Recently, I was lucky enough to attend and present at the IBM Think Conference in Las Vegas – surrounded by some of the world’s most innovative companies – for a four-day think tank about everything cloud and artificial intelligence (AI).
The experience got me thinking about the astonishing times in which we live. You only need to look at the devices, technologies and platforms that you use every day to realise this. How many of them even existed just five years ago? When you think how quickly futuristic visions like Minority Report or even The Jetsons have transitioned from unrealistic to quaint, and how blasé we are becoming about the revolutions that happen every day around us, you get a sense of just how fast things are evolving.
The evolution of technology today is also extremely Darwinian. New ideas emerge to fix problems, replacing weaker ideas which are left obsolete. And it’s the same in business thanks to a landscape that’s constantly shifting: whole industries are being challenged, overhauled and sometimes replaced.
The companies that have risen to the top of their markets are those that have done so by acknowledging and identifying the need to adapt and change to stay relevant. They survive because they’re the fittest.
Innovation used to be an activity derided in many organisations as a folly, the domain of those disconnected from the realities of making money. If this is still the case in your organisation, ask yourself: How successful Apple would have been if they’d stopped at the iPod? If Coca-Cola had been happy to remain a medicine sold at pharmacies? If Facebook had stayed a private network for Harvard students to chat? If Amazon stopped at selling secondhand books?
Innovation is the lifeblood of successful companies. Through experimentation, iteration, mistakes, learning and optimisation, it sets a course ahead for the business to grow. Yet humans are hard-wired to oppose change. Our natural response is usually negative (we either fear it or dismiss it as a fad) – often because we have a vested interest in maintaining the status quo. It’s easier. It’s safer. It’s known.
Eventually, however, if the innovation meets a genuine need and is valuable to us as human beings, we come to understand it, to change our way of thinking, to change our behaviours.
Today, we’re seeing exactly this with artificial intelligence. Depending on whom you ask, AI is either a silver bullet, a disaster or a joke. There’s endless debate regarding what it means, how it could affect us, why it’s a threat, whether it really exists at all, etc.
Well, the fact is, they’re already here. Smart businesses all over the world have been using machine learning and AI to different degrees for years. Whether to perform back-end functions or help with customer service, this is now becoming an essential part of successful companies’ operations.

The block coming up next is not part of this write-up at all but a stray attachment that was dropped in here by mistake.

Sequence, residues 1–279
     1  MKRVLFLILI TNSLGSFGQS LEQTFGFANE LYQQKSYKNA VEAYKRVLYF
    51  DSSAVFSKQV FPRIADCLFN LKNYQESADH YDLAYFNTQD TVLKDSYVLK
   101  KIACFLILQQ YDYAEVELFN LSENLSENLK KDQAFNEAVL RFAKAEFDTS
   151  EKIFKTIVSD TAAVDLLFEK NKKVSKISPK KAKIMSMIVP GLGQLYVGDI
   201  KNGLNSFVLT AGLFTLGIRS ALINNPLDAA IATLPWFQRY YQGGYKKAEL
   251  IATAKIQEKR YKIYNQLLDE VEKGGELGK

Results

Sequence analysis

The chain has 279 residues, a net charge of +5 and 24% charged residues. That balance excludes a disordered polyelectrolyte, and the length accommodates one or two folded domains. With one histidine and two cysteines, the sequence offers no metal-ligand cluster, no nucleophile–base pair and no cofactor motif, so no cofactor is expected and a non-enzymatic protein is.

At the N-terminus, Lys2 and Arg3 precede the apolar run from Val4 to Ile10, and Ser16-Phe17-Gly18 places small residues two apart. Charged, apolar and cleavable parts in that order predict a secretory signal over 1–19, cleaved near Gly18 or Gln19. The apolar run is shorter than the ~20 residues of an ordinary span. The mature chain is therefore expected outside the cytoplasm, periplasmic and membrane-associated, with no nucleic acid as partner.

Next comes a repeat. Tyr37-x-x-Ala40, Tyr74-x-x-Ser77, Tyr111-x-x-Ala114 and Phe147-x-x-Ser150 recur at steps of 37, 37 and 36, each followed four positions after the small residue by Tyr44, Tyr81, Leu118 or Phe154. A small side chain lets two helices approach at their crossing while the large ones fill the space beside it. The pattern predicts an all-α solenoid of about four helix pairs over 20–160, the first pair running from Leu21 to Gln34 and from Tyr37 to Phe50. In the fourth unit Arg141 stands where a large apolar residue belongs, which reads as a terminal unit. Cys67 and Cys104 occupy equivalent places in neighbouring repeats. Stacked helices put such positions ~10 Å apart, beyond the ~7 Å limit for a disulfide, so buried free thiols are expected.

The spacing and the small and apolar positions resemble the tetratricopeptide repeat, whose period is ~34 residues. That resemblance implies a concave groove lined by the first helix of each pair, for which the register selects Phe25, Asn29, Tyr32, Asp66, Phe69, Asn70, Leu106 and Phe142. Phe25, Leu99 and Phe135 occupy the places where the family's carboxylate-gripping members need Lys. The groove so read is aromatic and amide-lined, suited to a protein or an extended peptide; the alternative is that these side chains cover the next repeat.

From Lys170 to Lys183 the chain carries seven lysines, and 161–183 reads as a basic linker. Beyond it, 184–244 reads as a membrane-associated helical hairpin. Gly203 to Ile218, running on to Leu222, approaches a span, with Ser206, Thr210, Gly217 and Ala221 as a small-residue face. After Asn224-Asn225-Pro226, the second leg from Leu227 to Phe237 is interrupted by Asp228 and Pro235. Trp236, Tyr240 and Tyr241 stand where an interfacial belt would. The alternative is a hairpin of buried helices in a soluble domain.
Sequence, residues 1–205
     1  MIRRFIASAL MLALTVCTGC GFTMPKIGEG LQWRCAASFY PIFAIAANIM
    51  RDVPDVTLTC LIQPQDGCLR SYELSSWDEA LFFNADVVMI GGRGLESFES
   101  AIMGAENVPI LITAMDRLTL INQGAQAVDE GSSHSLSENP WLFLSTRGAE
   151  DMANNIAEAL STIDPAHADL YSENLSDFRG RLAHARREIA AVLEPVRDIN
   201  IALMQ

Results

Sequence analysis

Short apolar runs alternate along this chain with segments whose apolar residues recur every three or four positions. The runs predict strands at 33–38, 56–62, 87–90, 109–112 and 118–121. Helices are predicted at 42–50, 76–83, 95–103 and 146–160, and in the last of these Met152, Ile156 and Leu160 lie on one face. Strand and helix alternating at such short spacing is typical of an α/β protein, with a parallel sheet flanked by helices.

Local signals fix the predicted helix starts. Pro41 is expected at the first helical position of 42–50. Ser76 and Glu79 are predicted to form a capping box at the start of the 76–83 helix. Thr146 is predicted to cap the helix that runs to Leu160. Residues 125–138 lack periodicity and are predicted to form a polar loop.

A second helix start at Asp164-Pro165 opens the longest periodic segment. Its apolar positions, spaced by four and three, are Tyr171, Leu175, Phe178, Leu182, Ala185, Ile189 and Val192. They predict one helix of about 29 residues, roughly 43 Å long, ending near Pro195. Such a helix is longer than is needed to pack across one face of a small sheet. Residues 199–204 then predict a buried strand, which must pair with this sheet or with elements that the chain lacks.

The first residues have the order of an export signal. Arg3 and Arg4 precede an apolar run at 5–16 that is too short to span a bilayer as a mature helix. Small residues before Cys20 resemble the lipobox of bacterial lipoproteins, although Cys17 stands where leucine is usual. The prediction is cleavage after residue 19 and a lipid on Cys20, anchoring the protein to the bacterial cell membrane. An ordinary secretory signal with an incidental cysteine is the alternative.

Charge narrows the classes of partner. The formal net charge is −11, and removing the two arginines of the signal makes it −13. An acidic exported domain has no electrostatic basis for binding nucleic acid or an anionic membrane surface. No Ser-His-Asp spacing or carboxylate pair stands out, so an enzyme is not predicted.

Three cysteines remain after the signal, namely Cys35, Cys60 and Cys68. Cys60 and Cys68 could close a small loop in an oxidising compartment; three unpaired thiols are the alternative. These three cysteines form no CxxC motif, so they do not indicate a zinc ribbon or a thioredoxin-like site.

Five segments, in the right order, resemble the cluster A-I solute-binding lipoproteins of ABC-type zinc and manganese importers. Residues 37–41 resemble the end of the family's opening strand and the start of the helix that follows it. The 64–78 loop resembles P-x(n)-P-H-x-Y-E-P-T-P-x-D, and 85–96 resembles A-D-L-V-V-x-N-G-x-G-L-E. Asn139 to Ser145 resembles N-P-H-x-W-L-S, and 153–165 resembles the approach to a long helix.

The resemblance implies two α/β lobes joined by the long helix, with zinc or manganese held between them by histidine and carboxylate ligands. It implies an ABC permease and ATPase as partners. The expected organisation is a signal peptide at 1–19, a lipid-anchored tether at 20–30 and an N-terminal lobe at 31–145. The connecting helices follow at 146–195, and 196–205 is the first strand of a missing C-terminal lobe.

Detractors will often argue that people don’t like to deal with computers, but the facts would seem to contradict that. In the Darwinian world of business, technologies and products that customers dislike or fail to adopt are very quickly shut down and replaced. Yet investment in customer service chatbots, for example, is growing massively.
And while digital assistants such as Siri, Alexa and Google lead the way, businesses without billions of dollars cash sitting in their bank accounts can be, should be and are playing a part in this revolution in the way businesses engage with their customers. From health insurers, to florists, banks and retailers, the number of companies using AI to help their customers is growing rapidly.
But why? Quite simply, because it’s good business.
Our job as businesses is to meet consumers’ needs. A growing number of customers love to engage with chatbots and, on the whole, customers who self-service digitally have on average far higher satisfaction levels than those who don’t. I know this to be true because at nib we track it. Chatbots aren’t for everyone, but they can be a powerful part of the overall service mix.
Secondly, AI is scalable. In a market like New Zealand, our relatively low and dispersed population means that cost to service can be quite high compared to other markets around the world. This can have a seriously restrictive impact on business growth – and when businesses don’t grow, there’s less competition. Consumers have less choice: they’ll still have to pay high prices to incumbents and put up with what they’ve had for years. Frankly, they miss out. AI enables businesses not only to provide great customer service but to deliver that an infinite number of times without sacrificing quality. It’s replicable and it’s scalable.
Is AI the panacea to all business challenges? No.
Is it perfect for every kind of product, every kind of customer, every kind of interaction? No.
But can AI radically change the way your business operates, and the way your customers feel about you? You bet it can.
The question is, what will your business (as in, you!) do about this? Dismiss it as a folly, a fad? Or see if the business case stacks up? I suspect you’ll find that it does.